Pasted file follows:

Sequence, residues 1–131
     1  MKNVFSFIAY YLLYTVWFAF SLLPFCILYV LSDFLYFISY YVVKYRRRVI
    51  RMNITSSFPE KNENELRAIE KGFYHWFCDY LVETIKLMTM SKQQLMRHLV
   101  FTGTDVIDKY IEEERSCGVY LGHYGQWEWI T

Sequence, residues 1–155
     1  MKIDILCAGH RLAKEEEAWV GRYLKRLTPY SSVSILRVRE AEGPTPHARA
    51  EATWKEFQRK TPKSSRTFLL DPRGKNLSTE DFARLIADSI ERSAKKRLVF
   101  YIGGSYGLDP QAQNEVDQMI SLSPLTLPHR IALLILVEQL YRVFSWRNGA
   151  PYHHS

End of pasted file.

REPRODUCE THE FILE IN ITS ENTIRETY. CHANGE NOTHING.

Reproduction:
Sequence, residues 1–131
     1  MKNVFSFIAY YLLYTVWFAF SLLPFCILYV LSDFLYFISY YVVKYRRRVI
    51  RMNITSSFPE KNENELRAIE KGFYHWFCDY LVETIKLMTM SKQQLMRHLV
   101  FTGTDVIDKY IEEERSCGVY LGHYGQWEWI T

Sequence, residues 1–155
     1  MKIDILCAGH RLAKEEEAWV GRYLKRLTPY SSVSILRVRE AEGPTPHARA
    51  EATWKEFQRK TPKSSRTFLL DPRGKNLSTE DFARLIADSI ERSAKKRLVF
   101  YIGGSYGLDP QAQNEVDQMI SLSPLTLPHR IALLILVEQL YRVFSWRNGA
   151  PYHHS